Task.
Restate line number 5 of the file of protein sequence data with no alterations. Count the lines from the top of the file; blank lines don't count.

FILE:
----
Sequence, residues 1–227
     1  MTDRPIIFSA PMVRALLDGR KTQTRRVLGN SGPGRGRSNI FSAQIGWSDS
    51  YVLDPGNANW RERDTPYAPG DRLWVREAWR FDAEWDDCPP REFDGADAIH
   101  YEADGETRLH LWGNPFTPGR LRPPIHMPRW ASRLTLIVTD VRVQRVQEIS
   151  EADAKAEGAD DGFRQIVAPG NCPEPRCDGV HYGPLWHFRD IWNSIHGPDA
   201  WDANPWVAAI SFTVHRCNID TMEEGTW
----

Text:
   151  EADAKAEGAD DGFRQIVAPG NCPEPRCDGV HYGPLWHFRD IWNSIHGPDA